I'm reminded of a couple of recent tangents that relate. One was about mixing descriptions of different tea processing inputs. How does oxidation level affect this tea character versus a roasting step; is it more oxidized in addition to being more roasted? I'm not really sure; could be. I've read the description since and it says oxidized to "30%," but I'm still not clear on how that relates to the other light oolongs I've been running across. Maybe those are less oxidized yet?
A general article dispelling tea myths mentioned a brewing preparation variable that relates (that article, Five Tea Myths That Need to Disappear, in Serious Eats): preparing this at slightly different temperatures would change its character. Somewhere around 90 C would be standard for this type, I would think, as much as there is one consistent approach used, but others would go with full boiling point instead, or maybe even slightly cooler. To me it works best to prepare teas in slightly different ways and see what suits personal preference best. People do tend to discuss optimums as if there is one best way but that doesn't match my understanding, that preferences can vary. Here is some of the input from that article on the same point:
Here's a good rule of thumb: the hotter you brew, the darker and more robust your tea will be; the cooler your water, the sweeter and more mild it'll taste. You can brew any tea with this in mind, see what tastes best to your palate, and adjust your brew parameters accordingly. A white tea or lightly oxidized oolong, for instance, will make two different brews at 175° and 205°. If it's a good tea, both brews should good; which you prefer is up to you. For what it's worth, I tend to start brewing a new tea with boiling water and dial it down from there if I need to. The same holds true if I'm brewing an herbal tea.
That could hardly be wrong, since the advice is to try different things and see what you like. Some of the rest of that article tends to take more of stand, with the only problem relating to not really always clarifying which parts are opinion and which parts are conventional wisdom (as close as tea knowledge tends to get to being facts). Another example, related to brewing:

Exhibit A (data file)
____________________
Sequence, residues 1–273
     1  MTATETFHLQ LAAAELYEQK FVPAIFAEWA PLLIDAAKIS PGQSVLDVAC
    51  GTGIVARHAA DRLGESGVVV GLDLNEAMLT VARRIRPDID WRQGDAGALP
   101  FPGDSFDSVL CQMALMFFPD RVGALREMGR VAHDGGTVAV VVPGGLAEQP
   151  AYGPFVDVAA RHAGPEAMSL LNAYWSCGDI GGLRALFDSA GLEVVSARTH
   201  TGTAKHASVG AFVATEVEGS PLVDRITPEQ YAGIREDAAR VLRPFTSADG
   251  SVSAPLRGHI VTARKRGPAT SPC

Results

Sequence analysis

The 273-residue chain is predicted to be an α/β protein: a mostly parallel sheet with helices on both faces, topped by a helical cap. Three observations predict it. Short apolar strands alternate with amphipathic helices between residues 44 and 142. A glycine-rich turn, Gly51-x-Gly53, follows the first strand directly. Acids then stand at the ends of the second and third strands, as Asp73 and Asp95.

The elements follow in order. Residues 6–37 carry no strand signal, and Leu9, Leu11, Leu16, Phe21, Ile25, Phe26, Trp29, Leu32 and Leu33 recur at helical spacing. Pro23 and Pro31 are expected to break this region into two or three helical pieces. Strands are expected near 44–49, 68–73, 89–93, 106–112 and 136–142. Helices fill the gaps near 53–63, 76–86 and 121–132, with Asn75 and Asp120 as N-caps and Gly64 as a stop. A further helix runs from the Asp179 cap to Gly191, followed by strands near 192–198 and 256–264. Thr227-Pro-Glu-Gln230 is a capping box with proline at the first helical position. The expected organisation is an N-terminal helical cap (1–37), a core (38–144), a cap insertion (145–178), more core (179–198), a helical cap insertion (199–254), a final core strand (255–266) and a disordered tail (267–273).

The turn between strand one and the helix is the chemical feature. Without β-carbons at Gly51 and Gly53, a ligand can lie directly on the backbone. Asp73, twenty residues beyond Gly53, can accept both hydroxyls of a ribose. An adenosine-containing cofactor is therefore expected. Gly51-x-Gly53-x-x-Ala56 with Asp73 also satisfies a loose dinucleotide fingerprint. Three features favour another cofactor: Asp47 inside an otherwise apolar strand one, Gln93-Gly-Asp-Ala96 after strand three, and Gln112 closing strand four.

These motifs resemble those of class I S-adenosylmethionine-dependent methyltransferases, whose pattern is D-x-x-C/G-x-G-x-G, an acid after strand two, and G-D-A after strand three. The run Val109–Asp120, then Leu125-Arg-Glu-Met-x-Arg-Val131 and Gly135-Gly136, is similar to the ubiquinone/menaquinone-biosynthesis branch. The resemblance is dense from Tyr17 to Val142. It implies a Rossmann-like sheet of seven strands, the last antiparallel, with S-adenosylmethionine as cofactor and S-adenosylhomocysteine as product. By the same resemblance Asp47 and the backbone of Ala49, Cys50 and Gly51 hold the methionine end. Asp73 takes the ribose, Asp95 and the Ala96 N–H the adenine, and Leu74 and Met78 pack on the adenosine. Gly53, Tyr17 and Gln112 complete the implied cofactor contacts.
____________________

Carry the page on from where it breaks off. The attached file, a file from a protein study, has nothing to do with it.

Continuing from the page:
A Chinese dancong oolong, on the other hand, is best brewed with a ton of leaves in a tiny pot, with a series of flash steepings of just a few seconds each.
That is as much a standard take as there is one for brewing Dan Congs, only leaving out the parts about that process drawing out plenty of flavor but minimizing related astringency (in the cases where a Dan Cong has that as an aspect). Per my understanding that approach would typically involve using boiling point water or water near that temperature range. Again it is possible to offset the astringency another way, to drop that temperature instead, and use cooler water and longer infusion times, still at a very high proportion, so in the infusion duration range of 15 to 30 seconds instead. Or maybe someone would prefer different techniques depending on the character of the Dan Cong; it's not as if all the types and individual versions are similar. All of this just came up in a review post comparing two dissimilar Dan Cong versions from the same producer about a week ago.
The tea was great. My preferences for tea types keeps shifting and this isn't the main page I'm on right now but it's a good version of a medium roasted oolong, and those aren't as common to come across as decent lighter versions (perhaps "greener," with limited roast). Factoring in value this tea is absolutely amazing. It costs about one half of a low guess of what you might expect, and one fourth what the relatively identical Taiwanese version I bought in NYC cost. Of course it's not really a fair comparison, given the difference in supplier overhead (shop type and location), and sourcing on the opposite side of the world instead of relatively directly.
I didn't really notice the simulated age effect. Aged rolled oolongs tend to pick up a plumy or raisin / fig like aspect and this didn't have that. That roasted almond aspect was pleasant but hard to place, related to other comparable teas. It's normal enough in one type of Dan Cong (the one named as "almond aroma," alternately referred to as Xin Ren or Xing Ren Xiang, one of which is probably more correct). It can come up in roasted Wuyi Yancha too, although I've lost track of which one included something like that in the past half a year or so. Instead of leaning towards fruit to me it included floral tones as a secondary aspect, beyond that.
Brewing variations can shift flavor profile quite a bit (see that related part of this post), so I wouldn't be surprised if the variance in the descriptions factors in partly related to that, if you couldn't draw more fruit out preparing it different ways. This tea would work well brewed Western style (not how I made it), and aspects tend to shift a bit related to using a different proportion and longer infusion time. A tea like this is especially nice because you aren't "brewing around" any negative aspects, trying to reduce astringency, for example, instead shifting factors to see how you like it best. It can almost be like drinking slightly different teas, in examples where a tea version changes quite a bit, but you sort of need to brew it different ways to see how that plays out.
lots of fruit around just now